When considering investing in a Bitcoin ETF, one important factor to remember is the elimination of direct ownership risks associated with Bitcoin itself.
After choosing a Bitcoin ETF, you can avoid such risks.
However, it’s important to note that Bitcoin ETFs charge management fees for the convenience they offer.
Benefits and drawbacks of a Bitcoin ETF
Here are some benefits and drawbacks of ETFs for investors looking to diversify their portfolios.
Benefits of a Bitcoin ETF
Easy access: A Bitcoin Exchange-Traded Fund (ETF) enables investors to purchase easily and trade shares of the fund on a regulated exchange without opening accounts at crypto exchanges. This eliminates the need for them to navigate the complexities associated with directly acquiring, storing, and safeguarding Bitcoin.
Lower fees: An ETF is expected to have lower fees compared to other investment options like the Grayscale Bitcoin Trust (GBTC), which charges an annual fee of 2%. That makes an ETF a more cost-effective choice for gaining exposure to Bitcoin.
Tax efficiency: A Bitcoin ETF would provide enhanced tax efficiency compared to direct ownership of Bitcoin. Investors would be subject to capital gains tax only when they sell their shares, rather than incurring taxes for every transfer or expenditure involving Bitcoin.
Diversification: An ETF focused on Bitcoin could offer you a way to diversify your portfolio by adding exposure to the cryptocurrency market. That would allow you to benefit from its growth potential while managing risk and volatility levels effectively.
Liquidity: The liquidity of the Bitcoin market would be enhanced by introducing a Bitcoin ETF. This would enable more investors to participate in price discovery and trading activities related to the asset.
Regulatory oversight: An ETF would adhere to the regulations enforced by the SEC and other governing bodies. This implementation would foster increased transparency, accountability, and investor protection within the market.
Recommended Read: Who regulates bitcoin in the US?
Drawbacks of a Bitcoin ETF
Premium/discount risk: An ETF has the potential to trade either above or below its net asset value (NAV), depending on demand for its shares and the underlying Bitcoin. This disparity could lead to favorable arbitrage opportunities or potential losses for investors.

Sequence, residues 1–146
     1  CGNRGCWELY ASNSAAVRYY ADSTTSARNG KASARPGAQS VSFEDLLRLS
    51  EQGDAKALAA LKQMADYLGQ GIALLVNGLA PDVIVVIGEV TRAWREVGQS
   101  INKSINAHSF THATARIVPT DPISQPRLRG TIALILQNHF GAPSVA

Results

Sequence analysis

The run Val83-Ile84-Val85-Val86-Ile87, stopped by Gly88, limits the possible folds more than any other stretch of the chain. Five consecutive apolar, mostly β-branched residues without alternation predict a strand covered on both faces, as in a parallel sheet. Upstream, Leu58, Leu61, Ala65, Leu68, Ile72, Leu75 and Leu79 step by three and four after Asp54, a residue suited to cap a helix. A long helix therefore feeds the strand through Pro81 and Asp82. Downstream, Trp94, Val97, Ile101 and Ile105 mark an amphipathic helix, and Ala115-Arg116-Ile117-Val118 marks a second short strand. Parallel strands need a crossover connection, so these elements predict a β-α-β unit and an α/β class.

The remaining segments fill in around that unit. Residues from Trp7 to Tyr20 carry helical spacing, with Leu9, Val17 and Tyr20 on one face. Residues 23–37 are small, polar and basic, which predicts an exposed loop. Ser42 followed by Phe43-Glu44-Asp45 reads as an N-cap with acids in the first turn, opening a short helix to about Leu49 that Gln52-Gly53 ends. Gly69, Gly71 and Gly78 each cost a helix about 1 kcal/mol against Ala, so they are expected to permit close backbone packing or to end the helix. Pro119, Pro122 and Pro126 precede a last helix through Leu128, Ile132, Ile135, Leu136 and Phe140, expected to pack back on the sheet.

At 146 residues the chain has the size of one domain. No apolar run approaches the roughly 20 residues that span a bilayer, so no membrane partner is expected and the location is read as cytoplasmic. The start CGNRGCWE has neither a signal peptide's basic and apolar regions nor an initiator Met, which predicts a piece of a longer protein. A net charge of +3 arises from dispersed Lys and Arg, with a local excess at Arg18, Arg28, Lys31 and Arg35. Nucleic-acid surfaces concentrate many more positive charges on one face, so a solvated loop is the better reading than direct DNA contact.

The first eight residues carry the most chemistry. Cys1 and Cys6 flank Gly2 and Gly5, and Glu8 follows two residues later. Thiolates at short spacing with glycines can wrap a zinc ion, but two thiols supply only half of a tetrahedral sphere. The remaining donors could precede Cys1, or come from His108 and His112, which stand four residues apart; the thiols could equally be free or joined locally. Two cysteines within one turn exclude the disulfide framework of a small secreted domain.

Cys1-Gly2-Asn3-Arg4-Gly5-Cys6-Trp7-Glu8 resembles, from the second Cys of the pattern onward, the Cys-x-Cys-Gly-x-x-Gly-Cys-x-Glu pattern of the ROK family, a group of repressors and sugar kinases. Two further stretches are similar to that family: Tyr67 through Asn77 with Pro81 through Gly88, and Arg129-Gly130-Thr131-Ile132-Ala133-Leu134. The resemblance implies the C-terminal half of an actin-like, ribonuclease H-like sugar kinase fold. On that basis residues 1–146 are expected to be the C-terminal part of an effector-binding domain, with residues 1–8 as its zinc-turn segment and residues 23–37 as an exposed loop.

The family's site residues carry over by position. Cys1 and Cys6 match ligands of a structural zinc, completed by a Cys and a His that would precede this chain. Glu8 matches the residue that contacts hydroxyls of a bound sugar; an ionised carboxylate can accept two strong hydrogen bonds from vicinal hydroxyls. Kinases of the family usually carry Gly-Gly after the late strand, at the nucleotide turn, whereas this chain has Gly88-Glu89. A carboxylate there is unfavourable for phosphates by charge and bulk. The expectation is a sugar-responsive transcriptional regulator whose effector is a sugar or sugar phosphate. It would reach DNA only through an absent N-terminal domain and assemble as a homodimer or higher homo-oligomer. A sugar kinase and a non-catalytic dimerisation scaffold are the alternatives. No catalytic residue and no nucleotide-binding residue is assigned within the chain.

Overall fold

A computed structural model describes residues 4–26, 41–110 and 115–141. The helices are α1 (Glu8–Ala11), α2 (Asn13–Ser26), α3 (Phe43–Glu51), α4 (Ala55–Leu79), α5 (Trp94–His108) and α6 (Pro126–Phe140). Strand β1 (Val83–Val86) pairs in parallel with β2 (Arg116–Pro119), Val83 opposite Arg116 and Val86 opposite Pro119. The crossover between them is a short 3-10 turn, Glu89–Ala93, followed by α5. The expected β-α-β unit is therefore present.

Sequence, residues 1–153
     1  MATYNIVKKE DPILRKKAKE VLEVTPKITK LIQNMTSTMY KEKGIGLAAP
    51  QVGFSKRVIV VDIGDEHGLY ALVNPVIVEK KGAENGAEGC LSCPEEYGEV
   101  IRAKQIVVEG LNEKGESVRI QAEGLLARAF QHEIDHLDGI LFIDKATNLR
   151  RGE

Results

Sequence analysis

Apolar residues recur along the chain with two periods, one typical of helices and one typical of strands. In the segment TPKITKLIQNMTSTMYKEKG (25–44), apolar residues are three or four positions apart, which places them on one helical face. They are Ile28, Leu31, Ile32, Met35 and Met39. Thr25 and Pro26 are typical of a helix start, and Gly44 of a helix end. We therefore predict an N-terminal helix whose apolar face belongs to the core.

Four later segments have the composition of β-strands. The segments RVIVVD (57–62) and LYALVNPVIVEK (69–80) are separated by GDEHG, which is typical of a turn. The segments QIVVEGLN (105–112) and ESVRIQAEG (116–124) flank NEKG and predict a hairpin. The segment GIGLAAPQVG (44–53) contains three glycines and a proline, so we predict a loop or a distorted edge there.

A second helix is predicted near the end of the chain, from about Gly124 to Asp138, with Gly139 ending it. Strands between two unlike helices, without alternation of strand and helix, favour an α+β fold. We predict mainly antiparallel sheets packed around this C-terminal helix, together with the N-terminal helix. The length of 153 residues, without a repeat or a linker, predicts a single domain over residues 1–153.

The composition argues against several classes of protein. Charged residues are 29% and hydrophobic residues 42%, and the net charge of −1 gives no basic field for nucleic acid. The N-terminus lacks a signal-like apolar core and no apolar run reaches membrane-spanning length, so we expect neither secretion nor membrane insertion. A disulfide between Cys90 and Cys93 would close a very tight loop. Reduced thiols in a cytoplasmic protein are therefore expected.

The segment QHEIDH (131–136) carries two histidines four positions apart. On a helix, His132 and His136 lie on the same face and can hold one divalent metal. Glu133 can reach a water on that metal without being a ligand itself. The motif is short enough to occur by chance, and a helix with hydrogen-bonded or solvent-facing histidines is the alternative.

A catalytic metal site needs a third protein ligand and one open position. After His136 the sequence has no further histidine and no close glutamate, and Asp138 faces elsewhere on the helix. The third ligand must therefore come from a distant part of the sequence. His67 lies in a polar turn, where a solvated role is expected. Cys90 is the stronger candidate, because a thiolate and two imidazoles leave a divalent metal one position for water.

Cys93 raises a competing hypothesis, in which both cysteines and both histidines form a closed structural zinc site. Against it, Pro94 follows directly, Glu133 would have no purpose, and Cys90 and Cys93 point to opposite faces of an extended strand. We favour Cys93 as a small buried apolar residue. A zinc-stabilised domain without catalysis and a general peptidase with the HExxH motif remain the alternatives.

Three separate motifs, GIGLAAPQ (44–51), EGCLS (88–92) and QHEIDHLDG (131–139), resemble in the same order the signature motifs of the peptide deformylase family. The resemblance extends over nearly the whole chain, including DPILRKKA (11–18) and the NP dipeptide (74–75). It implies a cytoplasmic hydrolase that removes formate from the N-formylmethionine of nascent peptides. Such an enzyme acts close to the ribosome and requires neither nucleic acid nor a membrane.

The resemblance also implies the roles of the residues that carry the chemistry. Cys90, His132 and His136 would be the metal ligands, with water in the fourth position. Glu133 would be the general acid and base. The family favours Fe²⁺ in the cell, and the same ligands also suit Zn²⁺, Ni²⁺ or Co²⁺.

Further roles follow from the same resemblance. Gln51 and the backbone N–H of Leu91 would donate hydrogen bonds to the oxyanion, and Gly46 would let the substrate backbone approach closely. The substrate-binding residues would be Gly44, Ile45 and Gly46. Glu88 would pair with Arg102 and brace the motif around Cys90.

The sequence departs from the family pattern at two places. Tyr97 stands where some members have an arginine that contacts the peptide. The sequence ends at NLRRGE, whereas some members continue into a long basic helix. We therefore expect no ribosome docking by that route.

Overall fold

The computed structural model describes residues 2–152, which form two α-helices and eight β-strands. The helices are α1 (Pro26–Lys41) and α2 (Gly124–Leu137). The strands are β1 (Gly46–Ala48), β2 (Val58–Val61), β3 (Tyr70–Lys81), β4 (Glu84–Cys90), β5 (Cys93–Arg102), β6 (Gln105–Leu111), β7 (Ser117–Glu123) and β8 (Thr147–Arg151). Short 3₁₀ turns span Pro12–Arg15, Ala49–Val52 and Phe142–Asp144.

Tracking error: A Bitcoin ETF would likely encounter tracking error, which refers to the variance between its performance and that of its benchmark (Bitcoin). This discrepancy can stem from factors like fees, expenses, rebalancing, and market conditions.
Counterparty risk: An ETF may encounter the risk of counterparty default. This refers to the possibility that any of the parties involved in the fund’s operations, such as the custodian, Futures broker, or exchange, could fail to meet their obligations or declare bankruptcy.
Regulatory uncertainty: An ETF would potentially face regulatory uncertainty as the SEC and other authorities in the US have yet to approve any direct or indirect ETFs. Delays, rejections, or changes in regulations could impact its viability and appeal.
The Future of Bitcoin ETFs
You’ve probably noticed that Bitcoin and other cryptocurrencies can be incredibly volatile.
Their prices often swing dramatically in short periods.
You’re unsure what the future holds for these assets.
Since its inception, Bitcoin has seen tremendous price fluctuations, surging to over $69,000 per BTC, only to drop below $18,000 in a matter of eight months.
Should you consider cryptocurrencies, especially Bitcoin, as viable long-term investments?
The decision rests solely with you.
Nonetheless, seeking guidance from a financial advisor before making any investment choices is always advisable.
Recommended Read: Learn the differences between CBDC vs Bitcoin
The Bitcoin Exchange-Traded Fund (ETF) presents an attractive option for investors looking to participate in the potential of Bitcoin without directly owning it.
These ETFs offer regulated investment structures, mitigating risks and providing comfort for newcomers.
Although direct ownership grants control and avoids management fees, ETFs offer convenient access and diversification.
However, the future of Bitcoin ETFs remains uncertain due to regulatory challenges and market volatility.
As with any investment, seeking professional advice and carefully considering individual needs and expectations is crucial.